(Not the DaVinci Dan Brown)
With the naked idealism of someone who just graduated from NYU's film school, Dan Brown jumps into teaching a 4th grade classroom in the Bronx. It is a moving and heartwrenching month by month look at a first year teacher's struggles and triumphs. His energy and effort is stymied by the administration who essentially set him up to fail. But he doesn't. Because of his film school background, the book reads like a documentary film. You can picture the people and the setting so clearly, it's as if you are watching the book instead of reading it. I found his writing style to be compelling for this reason.
Up until the end, I would have given it 4.5 stars. The last chapter is a mish mash of slamming No Child Left Behind (of which I'm no fan, but it has no place here) and contrasting his school with a $27K tuition private school. It just reeked of manipulation and seemed unfair - like comparing apples to tarte tatin. Plus the author is still only 25, and his idealism remains intact. His call to action is genuine, but with no tangible solutions offered, it's just left floating. When books end poorly, I feel like I need to deduct 1/2 a star. It was still worth reading, for sure.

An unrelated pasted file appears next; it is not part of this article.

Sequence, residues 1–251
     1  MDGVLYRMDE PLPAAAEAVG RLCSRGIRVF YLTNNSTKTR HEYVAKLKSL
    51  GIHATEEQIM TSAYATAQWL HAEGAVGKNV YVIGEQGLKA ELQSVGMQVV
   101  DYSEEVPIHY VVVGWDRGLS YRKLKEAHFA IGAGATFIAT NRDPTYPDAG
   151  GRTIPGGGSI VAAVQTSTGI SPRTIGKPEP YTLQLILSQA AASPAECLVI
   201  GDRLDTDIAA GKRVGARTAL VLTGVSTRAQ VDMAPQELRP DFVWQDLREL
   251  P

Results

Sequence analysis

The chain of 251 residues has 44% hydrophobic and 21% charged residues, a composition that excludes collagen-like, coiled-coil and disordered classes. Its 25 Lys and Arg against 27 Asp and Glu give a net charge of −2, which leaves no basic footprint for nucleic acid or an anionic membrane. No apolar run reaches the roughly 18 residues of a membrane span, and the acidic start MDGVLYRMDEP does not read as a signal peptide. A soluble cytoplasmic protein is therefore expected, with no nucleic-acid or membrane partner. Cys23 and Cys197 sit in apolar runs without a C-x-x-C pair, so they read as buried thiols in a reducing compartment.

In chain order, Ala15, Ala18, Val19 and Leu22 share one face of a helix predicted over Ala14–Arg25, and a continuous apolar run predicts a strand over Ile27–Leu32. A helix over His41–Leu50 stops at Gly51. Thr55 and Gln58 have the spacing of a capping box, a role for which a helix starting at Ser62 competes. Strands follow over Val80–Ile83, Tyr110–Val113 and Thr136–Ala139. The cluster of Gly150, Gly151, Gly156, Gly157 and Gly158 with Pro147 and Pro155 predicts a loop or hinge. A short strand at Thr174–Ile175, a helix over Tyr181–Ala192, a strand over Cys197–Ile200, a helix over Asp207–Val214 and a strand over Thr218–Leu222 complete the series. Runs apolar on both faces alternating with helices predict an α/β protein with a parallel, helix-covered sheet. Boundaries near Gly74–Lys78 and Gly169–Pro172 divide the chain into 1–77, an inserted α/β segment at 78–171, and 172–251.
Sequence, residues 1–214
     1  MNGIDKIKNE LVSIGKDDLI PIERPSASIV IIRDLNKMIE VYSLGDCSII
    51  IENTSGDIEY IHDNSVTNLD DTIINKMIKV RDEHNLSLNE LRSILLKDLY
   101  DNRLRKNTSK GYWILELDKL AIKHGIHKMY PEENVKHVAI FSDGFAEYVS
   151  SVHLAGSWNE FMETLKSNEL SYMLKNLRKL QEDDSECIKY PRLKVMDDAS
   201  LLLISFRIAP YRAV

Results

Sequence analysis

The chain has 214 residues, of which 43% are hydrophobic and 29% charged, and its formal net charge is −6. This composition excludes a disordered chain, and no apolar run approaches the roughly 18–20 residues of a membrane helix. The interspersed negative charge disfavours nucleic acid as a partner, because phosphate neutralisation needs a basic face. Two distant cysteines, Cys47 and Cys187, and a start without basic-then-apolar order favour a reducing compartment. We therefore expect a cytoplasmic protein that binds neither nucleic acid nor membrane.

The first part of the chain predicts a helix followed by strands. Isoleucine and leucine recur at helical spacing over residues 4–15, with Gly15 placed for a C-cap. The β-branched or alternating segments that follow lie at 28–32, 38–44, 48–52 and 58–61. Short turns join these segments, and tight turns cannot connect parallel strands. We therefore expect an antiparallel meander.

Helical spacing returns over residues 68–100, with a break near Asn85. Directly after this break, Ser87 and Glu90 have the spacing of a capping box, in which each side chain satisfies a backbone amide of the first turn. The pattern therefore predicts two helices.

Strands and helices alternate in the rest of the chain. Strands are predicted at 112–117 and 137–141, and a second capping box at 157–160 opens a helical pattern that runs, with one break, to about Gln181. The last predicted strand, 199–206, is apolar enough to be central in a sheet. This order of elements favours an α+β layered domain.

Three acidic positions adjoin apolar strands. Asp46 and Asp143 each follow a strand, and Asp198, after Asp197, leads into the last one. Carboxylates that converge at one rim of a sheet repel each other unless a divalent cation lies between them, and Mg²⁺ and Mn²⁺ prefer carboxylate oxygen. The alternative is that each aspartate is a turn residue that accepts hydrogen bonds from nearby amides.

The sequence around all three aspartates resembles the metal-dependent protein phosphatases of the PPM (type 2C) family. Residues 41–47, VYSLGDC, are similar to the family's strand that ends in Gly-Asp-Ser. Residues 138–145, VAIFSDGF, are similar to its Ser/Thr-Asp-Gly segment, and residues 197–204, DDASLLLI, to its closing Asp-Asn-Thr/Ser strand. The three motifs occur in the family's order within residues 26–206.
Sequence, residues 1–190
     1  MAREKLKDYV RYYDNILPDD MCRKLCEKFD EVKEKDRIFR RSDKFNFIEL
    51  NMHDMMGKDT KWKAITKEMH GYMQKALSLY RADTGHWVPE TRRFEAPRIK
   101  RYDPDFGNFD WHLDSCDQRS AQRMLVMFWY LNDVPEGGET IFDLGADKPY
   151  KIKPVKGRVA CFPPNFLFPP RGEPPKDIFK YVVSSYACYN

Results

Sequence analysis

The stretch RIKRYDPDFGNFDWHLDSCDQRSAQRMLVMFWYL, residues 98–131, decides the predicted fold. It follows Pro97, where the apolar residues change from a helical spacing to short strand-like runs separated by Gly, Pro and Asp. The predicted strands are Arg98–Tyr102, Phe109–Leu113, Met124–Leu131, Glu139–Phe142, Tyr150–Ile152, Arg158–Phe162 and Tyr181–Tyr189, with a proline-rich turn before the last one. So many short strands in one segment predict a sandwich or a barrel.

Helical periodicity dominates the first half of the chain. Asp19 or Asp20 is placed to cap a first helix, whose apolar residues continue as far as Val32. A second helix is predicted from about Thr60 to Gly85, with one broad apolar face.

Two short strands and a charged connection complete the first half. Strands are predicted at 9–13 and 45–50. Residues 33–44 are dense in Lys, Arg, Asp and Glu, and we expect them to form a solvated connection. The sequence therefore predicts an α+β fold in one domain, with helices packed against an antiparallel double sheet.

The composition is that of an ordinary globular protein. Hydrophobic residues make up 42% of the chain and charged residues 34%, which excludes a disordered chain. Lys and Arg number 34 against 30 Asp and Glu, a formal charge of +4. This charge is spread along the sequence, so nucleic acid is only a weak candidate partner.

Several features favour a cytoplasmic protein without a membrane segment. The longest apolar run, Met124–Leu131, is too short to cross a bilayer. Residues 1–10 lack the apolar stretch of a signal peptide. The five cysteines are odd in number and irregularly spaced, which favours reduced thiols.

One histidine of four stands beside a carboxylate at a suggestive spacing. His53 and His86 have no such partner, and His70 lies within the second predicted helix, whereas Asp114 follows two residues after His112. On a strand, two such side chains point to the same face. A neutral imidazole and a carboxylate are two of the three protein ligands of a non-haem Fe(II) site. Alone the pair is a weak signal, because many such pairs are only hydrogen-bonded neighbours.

I think a solid companion to Dan Brown's book is Tested by Linda Perlstein, which examines the teach-to-the-test issues of an elementary school in Annapolis, MD.
And a question for the teachers...if you are willing to share. What will it take to improve schools, especially those that are struggling?